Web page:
Richard Redding On Legal Ed. Reform

Law Deans posted about a forthcoming article in the Catholic University Law Review by Richard E. Redding that takes a serious look at law school reform.

The abstract has been posted to SSRN. You can also download a draft of the article.

From the abstract:
"We hear much about the crisis in legal education: high tuition costs, steep declines in law school enrollment, and graduates unprepared for practice who cannot find jobs. Proposals to address the crisis appear to enjoy wide support and may be poised to dramatically change the landscape of legal education. Such reforms will harm law students and the legal profession, placing the legal academy “under erasure,” by: (1) reorienting it from an academically-grounded education towards vocational training, (2) requiring just two years of study for the J.D. degree, (3) allowing graduates of non-ABA accredited law schools to sit for the bar examination, thereby rendering accreditation a toothless mechanism for ensuring academic quality, and (4) gutting faculty scholarship."

Redding tackles the problem by saying that "[w]e need a three-year program that is more robust, one that teaches the core first-year subjects as well as applications of other disciplines (e.g., accounting, economics, psychology) to everyday law practice, exposes students to a reasonable range of specialty areas, and integrates skills training (e.g., client counseling, advocacy, drafting) throughout the curriculum. To accomplish these goals, we should adapt the medical school model to legal education. This would entail a curriculum that provides a comprehensive foundation in basic legal subjects and legally relevant other disciplines, culminating in a series of clinical rotations where the basic doctrinal and interdisciplinary knowledge is applied in practice. I also explain why we should not gut support for faculty scholarship in the hopes that doing so will cut costs and encourage professors to focus on teaching. Contrary to popular claims, engaged scholars are better teachers, and legal scholarship can contribute meaningfully and substantially (though often in ways not readily apparent) to law practice and legal reform efforts. Finally, I suggest that we address the employment problem and improve educational quality by having fewer but better law schools, producing fewer attorneys."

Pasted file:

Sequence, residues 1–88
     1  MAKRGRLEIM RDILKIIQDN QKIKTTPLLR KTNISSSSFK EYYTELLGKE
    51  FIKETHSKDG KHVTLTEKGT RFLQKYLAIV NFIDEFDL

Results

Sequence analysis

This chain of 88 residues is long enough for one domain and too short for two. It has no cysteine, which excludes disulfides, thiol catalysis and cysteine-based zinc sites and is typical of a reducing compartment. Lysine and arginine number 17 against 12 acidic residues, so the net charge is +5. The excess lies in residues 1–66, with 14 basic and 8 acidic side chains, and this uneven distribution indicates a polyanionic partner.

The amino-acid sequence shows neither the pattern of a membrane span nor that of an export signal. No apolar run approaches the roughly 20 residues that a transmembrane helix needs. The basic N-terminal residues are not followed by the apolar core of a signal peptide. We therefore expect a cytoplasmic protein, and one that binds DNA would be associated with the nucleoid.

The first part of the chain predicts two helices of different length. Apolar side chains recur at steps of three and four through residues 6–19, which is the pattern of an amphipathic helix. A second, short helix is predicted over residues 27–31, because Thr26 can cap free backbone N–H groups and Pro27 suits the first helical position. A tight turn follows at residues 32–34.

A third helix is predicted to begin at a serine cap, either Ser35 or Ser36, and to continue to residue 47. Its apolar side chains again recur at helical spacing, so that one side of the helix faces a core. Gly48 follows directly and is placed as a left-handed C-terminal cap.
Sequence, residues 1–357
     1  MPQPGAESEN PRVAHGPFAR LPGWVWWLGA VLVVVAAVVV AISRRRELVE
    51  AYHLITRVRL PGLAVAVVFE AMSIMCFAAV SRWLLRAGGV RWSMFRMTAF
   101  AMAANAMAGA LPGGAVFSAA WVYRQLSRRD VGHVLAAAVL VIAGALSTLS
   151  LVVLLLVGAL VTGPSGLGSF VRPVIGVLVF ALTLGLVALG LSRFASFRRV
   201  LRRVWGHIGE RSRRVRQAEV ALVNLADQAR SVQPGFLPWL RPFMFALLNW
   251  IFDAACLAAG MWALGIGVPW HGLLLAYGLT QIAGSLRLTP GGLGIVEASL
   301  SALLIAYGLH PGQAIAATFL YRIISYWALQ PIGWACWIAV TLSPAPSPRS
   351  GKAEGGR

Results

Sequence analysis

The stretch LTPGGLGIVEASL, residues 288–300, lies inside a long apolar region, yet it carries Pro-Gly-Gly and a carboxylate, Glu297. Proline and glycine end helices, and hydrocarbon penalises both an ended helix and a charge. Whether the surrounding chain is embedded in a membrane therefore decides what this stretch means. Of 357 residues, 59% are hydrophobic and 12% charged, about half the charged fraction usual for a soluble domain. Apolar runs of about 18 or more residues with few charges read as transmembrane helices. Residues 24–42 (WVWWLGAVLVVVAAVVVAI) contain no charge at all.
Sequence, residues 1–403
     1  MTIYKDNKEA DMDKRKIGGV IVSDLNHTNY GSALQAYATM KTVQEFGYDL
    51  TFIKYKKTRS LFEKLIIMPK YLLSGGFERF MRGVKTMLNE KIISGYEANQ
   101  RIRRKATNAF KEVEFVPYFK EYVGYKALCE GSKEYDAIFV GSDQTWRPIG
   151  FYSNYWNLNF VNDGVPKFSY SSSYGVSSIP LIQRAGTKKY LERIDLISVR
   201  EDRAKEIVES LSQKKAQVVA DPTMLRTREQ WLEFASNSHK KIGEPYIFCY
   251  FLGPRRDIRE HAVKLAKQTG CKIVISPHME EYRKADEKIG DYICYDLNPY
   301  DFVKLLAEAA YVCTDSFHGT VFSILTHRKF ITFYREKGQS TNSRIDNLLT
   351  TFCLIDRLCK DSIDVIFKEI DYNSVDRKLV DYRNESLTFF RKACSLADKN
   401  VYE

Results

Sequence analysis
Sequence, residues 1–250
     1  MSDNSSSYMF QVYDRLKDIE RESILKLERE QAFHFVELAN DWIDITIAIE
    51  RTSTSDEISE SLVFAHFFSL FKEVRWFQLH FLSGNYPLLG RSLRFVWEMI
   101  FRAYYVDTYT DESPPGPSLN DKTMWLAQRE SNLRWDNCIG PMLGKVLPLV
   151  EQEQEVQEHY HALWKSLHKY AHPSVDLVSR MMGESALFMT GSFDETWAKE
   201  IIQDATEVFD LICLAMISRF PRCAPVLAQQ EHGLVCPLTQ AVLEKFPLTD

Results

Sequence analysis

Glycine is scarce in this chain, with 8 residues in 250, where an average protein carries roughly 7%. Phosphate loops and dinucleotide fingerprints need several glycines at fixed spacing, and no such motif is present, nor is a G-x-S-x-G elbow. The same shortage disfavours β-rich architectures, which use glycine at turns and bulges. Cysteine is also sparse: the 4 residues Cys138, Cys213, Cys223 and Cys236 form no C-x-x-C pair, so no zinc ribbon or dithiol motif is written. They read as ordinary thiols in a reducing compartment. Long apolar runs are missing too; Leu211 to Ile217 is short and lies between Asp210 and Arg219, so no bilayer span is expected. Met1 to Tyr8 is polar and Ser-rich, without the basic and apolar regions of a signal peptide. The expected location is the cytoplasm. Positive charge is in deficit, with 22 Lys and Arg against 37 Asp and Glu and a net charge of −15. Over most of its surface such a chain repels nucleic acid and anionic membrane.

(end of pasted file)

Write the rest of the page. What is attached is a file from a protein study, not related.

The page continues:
While I may not agree with all of Redding's claims, it is good to see a comprehensive article discussing legal education reform. We need more of these so that the best ideas can be adopted.

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